What you need to know:
- Ms Olang' is unable to access her choice of contraceptive as supply of various commodities continue to shrink, exposing her to unwanted pregnancy.
- I was forced to buy E-pills (emergency contraceptives) from the pharmacy which cost me Sh150.
- A nurse at Thika Level Five Hospital in Kiambu Countyconfirmed that a range of contraceptives had run out at the health facility.
- Shortage of family planning commodities could largely be attributed to the fact that a lot of sexual reproductive health programs are donor funded.
- Ms Komba says the government should ensure contraceptives are available in health centres and hospitals to caution against cases of unplanned pregnancies.
When the first case of Covid-19 was confirmed in Kenya in mid-March, Essy Olang' never imagined that it would directly affect her life.
As the number of infections continued to rise every day, it did not take long before she started to feel the effects of the global health crisis.
Ms Olang' says today, she is unable to access her choice of contraceptive as supply of various commodities continue to shrink, exposing her to unwanted pregnancy.
In May and June, she told Nation, her numerous trips to health facilities in Migosi Ward, Kisumu Central, bore no fruit.
“The health centre had no contraceptives like implants and pills. I was forced to buy some E-pills (emergency contraceptives) from the pharmacy which cost me Sh150. It’s usually free at the clinic and all public hospitals,” says Ms Olang.
To ensure that such supplies are not affected during such crisis, she says there is a need for county governments to budget for the provision of contraceptives yearly.
A nurse at Thika Level Five Hospital in Kiambu County, who declined to be named as she is not authorised to speak with the media, confirmed that a range of contraceptives had run out at the health facility.
“There has been a low supply of contraceptives since the outbreak of coronavirus,” she said.
Kenya Female Advisory Organisation (Kefeado) executive director Ms Esther Oketch says the shortage of family planning commodities could largely be attributed to the fact that a lot of sexual reproductive health programs are donor funded.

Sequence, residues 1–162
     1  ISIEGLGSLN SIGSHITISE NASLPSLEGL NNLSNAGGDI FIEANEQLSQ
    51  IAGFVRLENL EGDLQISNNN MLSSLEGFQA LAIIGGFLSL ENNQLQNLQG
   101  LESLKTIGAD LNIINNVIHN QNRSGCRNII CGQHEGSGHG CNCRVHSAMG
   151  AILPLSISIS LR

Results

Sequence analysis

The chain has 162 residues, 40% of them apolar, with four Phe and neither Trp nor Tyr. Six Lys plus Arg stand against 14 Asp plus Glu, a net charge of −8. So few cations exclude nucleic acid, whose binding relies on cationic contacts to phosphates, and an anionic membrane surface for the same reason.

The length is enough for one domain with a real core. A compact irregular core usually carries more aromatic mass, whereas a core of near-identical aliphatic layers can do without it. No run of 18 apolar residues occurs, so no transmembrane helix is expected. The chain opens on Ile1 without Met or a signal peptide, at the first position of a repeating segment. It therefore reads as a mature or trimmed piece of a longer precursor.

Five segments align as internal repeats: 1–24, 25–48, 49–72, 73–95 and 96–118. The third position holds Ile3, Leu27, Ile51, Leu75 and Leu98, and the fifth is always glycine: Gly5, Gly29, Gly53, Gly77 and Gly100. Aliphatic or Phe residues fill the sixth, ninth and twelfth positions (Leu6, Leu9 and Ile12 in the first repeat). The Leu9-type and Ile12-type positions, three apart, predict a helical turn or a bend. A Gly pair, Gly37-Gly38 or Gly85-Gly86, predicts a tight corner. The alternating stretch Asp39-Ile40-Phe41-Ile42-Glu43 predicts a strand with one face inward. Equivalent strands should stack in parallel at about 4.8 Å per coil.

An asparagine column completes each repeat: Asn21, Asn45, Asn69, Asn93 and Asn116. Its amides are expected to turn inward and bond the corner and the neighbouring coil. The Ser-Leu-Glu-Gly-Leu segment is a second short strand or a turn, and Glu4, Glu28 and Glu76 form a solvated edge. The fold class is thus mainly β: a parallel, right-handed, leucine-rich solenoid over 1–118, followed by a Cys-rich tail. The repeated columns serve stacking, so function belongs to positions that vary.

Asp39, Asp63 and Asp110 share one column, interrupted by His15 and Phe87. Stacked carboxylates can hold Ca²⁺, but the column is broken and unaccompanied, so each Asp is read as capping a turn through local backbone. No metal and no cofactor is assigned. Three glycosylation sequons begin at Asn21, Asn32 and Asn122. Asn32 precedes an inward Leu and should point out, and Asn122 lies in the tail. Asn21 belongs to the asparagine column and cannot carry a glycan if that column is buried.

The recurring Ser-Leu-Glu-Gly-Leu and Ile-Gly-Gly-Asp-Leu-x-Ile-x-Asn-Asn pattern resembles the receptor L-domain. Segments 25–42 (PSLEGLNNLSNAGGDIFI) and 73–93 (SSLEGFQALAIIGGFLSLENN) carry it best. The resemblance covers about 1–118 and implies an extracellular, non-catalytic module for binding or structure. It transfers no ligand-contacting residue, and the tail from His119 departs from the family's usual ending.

She adds that many governments and organisations worldwide, have channelled their resources to fight the Covid-19 pandemic.
“The government is capable of funding the sexual and reproductive health programs if it seals loopholes where money gets lost,” she said.
Eva Komba, a gender and development expert, says it is sad that sexual and reproductive health commodities like contraceptives have been relegated to the back-burner and no longer seen as a priority in the wake of Covid-19 pandemic.
Ms Komba says the government should ensure contraceptives are available in health centres and hospitals to caution against cases of unplanned pregnancies.
“There is no way issues of reproductive health will be ignored because of coronavirus since it is a health right issue. Many girls and women cannot afford to buy them from private pharmacies where they are expensive compared to public clinics where they are given free,’ says Ms Komba.
She says if unchecked, a spike in unplanned pregnancies would lead to a huge burden on the economy and the government.
The Covid-19 pandemic potentially has catastrophic secondary impacts on the health of women and girls around the world.
Sexual and reproductive health needs are often neglected in the midst of an emergency – and Covid-19 is no different.
Locally, some public health facilities have run out most popular reproductive health supplies like pills, implants and coils.
In April, Acting Director General for Health Dr Patrick Amoth issued guidelines for the continuity of reproductive, maternal, new-born and family planning care services in the wake of Covid-19 pandemic.
Dr Amoth noted that Kenya has made significant gains in reducing unmet need for contraception as well as expanding access to a variety of contraceptive methods.
He observed that the Covid-19 pandemic threatened gains made by disrupting global commodity supply chain; he added that it had put enormous pressure on the healthcare providers and organisation of family planning service delivery points.
A section of obstetricians and gynaecologists say while the measures targeting the spread of the Covid-19 are both necessary and relevant, attention is needed for their unintended impact.
They say such measures ranging from access to provision of sexual and reproductive services including maternal and new-born health services, contraception, management of unintended pregnancies is paramount.
United Nations Population Fund (UNFPA) in June warned that 47 million women in 114 low and middle-income countries may not be able to access modern contraceptives and seven million unintended pregnancies are expected to occur if lockdowns carry on for six months, which could end up causing major disruptions to health services.